Partly for our own internal documentation, and partly because it might be of interest to (some) readers, some notes on how the Number 10 petitions site works. On the face of it you’d imagine this would be very simple, but as usual it’s complicated by performance requirements (our design was motivated by the possibility that a large NGO might mail a very large mailing list inviting each member to sign a particular petition, so that we might have to sustain a very high signup rate for an extended period of time). Here’s a picture of the overall architecture:
(This style of illustration is unaccountably popular in the IT industry but unlike most examples of the genre, I’ve tried to arrange that this one actually contains some useful information. In particular I’ve tried to mark the direction of flow of information, and separate out the various protocols; as usual there are too many of the latter. The diagram is actually a slight lie because it misses out yet another layer of IPC—between the web server, apache, and the front-end FastCGI scripts.)
Viewing petition pages is pretty conventional. Incoming HTTP requests reach a front-end cache (an instance of squid, one per web server, cacheing in memory only); squid passes them to the petition browsing scripts (written in perl running under FastCGI) to display petition information. Those scripts consult the database for the current state of the relevant petition and pass it back to the proxy, and thence to the web client. This aspect of the site is not very challenging.
Signing petitions is harder. The necessary steps are:
- write a database record about the pending signature;
- send the user an email containing a unique link to confirm their signature;
- update the database record when the user clicks the link;
- commit everything to stable storage; and finally
- tell the user that their signature has been entered and confirmed.
The conventional design for this would be to have the web script, when it processes the HTTP request for a new signature, submit a message for sending by a local mail server and write a row into the database and commit it, forcing the data out to disk. The mail server would then write the message into its spool directory, and fsync it, forcing it out to disk. The mail server will then pick the mail out of its queue and send it to a remote server, at which point it will be erased from the queue. Later on the mail will arrive in the
user’s inbox, at which point they will (presumably) click the link, resulting in another HTTP request which causes the web script to update the corresponding database row and commit the result. While this is admirably modular it requires far more disk writes than necessary to actually complete the task, which limits its potential speed. (In particular, there’s no reason to have a separate MTA spool directory and for the MTA to make its own writes to that directory.)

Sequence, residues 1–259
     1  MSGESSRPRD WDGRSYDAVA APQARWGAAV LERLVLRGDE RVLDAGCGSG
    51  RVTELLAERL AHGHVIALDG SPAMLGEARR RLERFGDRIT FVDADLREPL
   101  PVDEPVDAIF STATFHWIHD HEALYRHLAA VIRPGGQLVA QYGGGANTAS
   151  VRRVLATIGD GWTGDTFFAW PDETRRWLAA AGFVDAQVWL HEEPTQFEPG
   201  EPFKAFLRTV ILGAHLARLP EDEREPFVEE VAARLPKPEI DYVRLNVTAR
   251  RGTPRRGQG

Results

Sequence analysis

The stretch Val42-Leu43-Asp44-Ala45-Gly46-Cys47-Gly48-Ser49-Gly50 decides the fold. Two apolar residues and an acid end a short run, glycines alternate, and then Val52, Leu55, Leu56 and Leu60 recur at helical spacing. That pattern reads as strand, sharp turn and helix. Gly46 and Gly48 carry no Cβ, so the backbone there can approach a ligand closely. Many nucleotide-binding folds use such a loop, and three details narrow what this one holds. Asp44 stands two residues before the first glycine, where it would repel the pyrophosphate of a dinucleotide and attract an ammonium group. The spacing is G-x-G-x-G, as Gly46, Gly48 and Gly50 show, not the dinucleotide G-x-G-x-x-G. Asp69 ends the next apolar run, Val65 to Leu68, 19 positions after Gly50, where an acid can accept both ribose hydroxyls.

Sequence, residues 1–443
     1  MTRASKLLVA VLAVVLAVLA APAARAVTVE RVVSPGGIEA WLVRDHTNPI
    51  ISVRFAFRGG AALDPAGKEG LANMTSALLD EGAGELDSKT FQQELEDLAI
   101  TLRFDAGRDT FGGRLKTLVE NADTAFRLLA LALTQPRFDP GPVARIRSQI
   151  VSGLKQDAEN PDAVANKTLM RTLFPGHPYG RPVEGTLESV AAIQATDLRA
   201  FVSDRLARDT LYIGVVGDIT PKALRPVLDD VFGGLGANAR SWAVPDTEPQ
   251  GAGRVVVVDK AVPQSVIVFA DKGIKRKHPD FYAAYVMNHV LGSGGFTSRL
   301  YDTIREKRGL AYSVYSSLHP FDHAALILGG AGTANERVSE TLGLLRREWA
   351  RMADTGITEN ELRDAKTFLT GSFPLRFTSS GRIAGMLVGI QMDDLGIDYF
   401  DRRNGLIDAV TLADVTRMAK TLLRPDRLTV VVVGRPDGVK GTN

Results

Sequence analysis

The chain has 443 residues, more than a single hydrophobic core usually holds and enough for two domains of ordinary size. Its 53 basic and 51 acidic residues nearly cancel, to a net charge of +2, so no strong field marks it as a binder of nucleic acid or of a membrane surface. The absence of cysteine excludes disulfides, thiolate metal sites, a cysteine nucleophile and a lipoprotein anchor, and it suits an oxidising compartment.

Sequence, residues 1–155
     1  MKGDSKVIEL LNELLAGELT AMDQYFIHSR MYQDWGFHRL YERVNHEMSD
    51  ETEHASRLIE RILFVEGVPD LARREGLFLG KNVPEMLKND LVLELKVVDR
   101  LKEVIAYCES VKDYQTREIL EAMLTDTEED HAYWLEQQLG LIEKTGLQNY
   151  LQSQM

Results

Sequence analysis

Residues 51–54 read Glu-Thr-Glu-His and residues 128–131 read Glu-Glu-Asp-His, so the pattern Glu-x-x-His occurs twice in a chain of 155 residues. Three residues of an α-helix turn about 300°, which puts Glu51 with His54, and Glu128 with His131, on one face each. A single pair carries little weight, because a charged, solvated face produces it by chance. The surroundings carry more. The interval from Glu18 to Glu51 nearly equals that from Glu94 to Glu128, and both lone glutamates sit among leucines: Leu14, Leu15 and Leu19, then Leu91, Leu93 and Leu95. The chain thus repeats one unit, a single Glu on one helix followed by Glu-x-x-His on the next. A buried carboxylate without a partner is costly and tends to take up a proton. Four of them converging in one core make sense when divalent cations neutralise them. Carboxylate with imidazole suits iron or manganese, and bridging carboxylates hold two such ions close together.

At times of high load, it is also extremely inefficient to do one commit per signature. It takes about as long to commit ten new or changed rows to the database as it is to commit one (because the time spent is determined by the disk seek time). Therefore to achieve high performance it is necessary to batch signatures. Unfortunately this is a real pain to implement because all the common web programming models use one process per concurrent request, and it is inconvenient to share database handles between different processes. The correct answer to this problem would of course be to write the signup web script as a single-process multiplexing implementation, but that’s a bit painful (we’d have had to implement our own FastCGI wire protocol library, or alternatively an HTTP server) and the deadlines were fairly tight. So instead we have a single-process server, petsignupd, which accepts signup and confirmation requests from the front-end web scripts over a simple UDP protocol, and passes them to the database in batches every quarter of a second. In theory, therefore, users should see a maximum latency of a bit over 0.25s, but we should achieve close to the theoretical best throughput of incoming requests. (Benchmarking more-or-less bears this out.)
Sending the corresponding email is also a bit problematic. General-purpose MTAs are not optimised for this sort of situation, and (for instance) exim can’t keep up with the sustained signup rate we were aiming for even if you put all of its spool directories on a RAM disk and accept that you have to repopulate its outgoing queue in the event of a crash. The solution was to write petemaild, a small multiplexed SMTP sending server; unlike a general-purpose MTA this manages its queue in memory and communicates updates directly to the database (when a confirmation email is delivered or delivery fails permanently).
It’s unfortunate that such a complex system is required to fulfil such a simple requirement. If we’d been prepared to write the whole thing ourselves, from processing HTTP requests down to writing signatures out to files on disk, the picture above would look much simpler (and there would be fewer IPC boundaries at which things could go wrong). On the other hand the code itself would be a lot more complex, and there’d be a lot more of it. I don’t think I’d describe this design as a “reasonable” compromise, but it’s at least an adequate one.